Wilder by Far

A look at life with the Wilder family. Updated most weekends and some vacation days. You can contact me at movingnorth@gmail.com..

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Location: United States

Sunday, October 29, 2006

"Just as long as Demi Moore doesn't come out and start shaking her saline bags." - Crow T. Robot, MST3K

So, as I said a three days ago three weeks ago, I'm sorry about teasing about when I'd be back. It's been hectic here, but not in a bad way. I could see it coming, so I gave everyone the high sign. Downside is that I don't have an array of pretty pictures to put up, so, you'll have to take my word for about what I'm about to say . . .

The thing about the road into Denali Park is that it's not your typical highway. A typical highway has things like guardrails, signs, and pavement. This is a dirt road back into the hills that's not (generally) open to the public. As a typical member of the public, the transition from "roads that are good and won't kill me," to "roads that are for professionals" is a difficult one.

After the Long Range Bears and Checkpoint Charlie, I tooled up the road in typical Wilder fashion, which is, as fast as I can. Scenery? Well, I'll have time for scenery when I'm six feet under.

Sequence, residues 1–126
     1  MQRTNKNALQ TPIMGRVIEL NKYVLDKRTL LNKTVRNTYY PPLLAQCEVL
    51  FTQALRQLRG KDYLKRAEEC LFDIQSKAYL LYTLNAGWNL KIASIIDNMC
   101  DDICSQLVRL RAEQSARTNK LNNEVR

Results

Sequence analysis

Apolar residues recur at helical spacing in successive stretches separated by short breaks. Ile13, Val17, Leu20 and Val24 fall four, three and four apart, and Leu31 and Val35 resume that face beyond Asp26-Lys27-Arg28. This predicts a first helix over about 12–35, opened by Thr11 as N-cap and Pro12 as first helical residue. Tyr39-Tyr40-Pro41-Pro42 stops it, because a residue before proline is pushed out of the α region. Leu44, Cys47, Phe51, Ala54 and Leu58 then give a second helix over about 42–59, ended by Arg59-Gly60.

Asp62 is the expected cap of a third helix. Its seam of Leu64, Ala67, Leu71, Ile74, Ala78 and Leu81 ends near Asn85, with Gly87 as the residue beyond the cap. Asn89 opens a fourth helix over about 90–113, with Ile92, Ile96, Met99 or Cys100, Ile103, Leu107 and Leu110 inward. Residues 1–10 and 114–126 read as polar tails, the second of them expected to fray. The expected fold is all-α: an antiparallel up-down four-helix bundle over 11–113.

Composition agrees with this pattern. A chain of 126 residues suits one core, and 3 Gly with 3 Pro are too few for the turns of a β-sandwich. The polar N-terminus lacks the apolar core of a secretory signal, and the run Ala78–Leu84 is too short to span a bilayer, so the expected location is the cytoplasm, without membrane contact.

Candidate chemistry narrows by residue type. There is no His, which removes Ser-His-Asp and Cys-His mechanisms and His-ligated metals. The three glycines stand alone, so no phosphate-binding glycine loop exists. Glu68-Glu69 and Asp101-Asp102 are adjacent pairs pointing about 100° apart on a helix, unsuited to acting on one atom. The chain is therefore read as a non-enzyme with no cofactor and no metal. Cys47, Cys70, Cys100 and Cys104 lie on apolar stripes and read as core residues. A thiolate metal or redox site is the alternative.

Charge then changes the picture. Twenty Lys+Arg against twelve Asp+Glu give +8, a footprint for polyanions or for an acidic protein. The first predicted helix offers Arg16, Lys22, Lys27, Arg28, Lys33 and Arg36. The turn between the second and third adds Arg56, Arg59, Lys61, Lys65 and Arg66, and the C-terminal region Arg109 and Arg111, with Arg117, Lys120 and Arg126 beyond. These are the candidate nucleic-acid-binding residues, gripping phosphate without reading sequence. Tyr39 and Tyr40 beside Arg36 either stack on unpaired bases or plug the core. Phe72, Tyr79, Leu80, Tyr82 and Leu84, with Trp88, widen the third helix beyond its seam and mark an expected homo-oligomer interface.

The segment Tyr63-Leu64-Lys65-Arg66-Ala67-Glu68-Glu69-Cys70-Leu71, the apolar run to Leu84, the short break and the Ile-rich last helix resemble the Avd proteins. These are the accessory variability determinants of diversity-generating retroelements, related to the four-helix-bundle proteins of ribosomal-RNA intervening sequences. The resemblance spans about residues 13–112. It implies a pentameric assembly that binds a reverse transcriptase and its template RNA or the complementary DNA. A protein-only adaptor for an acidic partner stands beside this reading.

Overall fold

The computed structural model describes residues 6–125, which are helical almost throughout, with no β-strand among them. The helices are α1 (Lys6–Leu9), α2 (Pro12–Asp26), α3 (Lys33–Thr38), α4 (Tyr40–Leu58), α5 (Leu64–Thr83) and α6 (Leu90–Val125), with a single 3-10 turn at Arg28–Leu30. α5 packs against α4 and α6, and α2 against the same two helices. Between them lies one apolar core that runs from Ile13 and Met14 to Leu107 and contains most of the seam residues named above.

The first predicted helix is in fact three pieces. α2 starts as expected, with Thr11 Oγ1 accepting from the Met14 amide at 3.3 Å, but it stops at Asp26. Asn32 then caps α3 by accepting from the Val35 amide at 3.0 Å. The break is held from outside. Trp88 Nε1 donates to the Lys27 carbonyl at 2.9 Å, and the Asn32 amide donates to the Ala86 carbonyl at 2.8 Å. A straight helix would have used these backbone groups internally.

This is a good idea for the first fifteen or so miles past the checkpoint, and Rangerette Jane. Beyond a certain point . . . well, I'll explain:

I was driving with The Boy when we came up behind a vehicle moving very slow around a tight corner. I hit the brakes. There are a few moments in your life when you wonder if you're going to live or die. This was one of them. My tires locked up on the dirt road, as I saw a precipitous drop in front of me. By precipitous, I mean straight frigging down a cliff.

I don't know, outside of watching Wile E. Coyote use his heels to create dust clouds in air as he failed to make a corner that that evil Roadrunner could, if you've ever felt this way. My tires were making dust clouds, out of real dust, and I was wondering if the end of my life would come as the Family Truckster rolled down a 1000' drop.

Since you're reading this, well, the suspense shouldn't be all that significant. We made it. But I must warn you - I don't have a fear of heights, but this road (no guard rails, no warning signs) made me want to hug the corner of dear, sweet earth as we drove onward. Unless you turn your wheel at the right time, the only thing they're going to find of you is metal samples from your car and enough scrapings of flesh to do a DNA test. I don't think the teeth would make it.

I spoke afterwards with a friend, and, apparently there are buses full of tourists that sometimes miss a turn. Why you don't read about this in the paper more, well, I don't know. Perhaps these weren't important people. I do know that after this near miss, my mind went to the fact that I was living in the most seismically active region in the world. On the steepest frigging road I'd ever been on. I know the odds are low, but I sure wouldn't want to be on any road near any cliff like this when the Earth starts shaking like a wet dog with ticks.

Makes for a bad day.

Next: Maybe some pictures.

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